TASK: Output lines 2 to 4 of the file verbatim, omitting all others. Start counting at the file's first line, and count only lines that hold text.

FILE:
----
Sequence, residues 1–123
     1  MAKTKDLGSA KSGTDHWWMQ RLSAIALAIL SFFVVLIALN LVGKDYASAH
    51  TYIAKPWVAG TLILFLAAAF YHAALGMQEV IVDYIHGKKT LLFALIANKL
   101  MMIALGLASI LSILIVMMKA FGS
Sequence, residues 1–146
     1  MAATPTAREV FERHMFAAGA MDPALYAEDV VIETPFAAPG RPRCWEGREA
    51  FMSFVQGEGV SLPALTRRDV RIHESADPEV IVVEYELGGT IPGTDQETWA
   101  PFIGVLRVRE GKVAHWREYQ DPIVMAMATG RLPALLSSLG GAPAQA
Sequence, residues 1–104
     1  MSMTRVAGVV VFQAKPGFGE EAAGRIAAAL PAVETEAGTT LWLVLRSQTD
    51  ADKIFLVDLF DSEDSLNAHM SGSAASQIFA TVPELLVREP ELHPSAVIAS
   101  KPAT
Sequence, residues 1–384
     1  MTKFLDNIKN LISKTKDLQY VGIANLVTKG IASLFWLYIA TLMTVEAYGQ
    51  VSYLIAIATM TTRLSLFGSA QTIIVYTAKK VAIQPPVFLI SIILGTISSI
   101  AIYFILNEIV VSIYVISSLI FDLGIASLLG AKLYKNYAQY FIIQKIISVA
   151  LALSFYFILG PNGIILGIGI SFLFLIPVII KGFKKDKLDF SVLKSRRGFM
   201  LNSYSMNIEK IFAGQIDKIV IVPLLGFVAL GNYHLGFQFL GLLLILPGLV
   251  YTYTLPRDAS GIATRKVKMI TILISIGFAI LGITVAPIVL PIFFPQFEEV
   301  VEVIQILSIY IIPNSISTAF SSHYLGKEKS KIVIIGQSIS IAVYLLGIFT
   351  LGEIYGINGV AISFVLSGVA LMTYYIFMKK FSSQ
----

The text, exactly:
     1  MAKTKDLGSA KSGTDHWWMQ RLSAIALAIL SFFVVLIALN LVGKDYASAH
    51  TYIAKPWVAG TLILFLAAAF YHAALGMQEV IVDYIHGKKT LLFALIANKL
   101  MMIALGLASI LSILIVMMKA FGS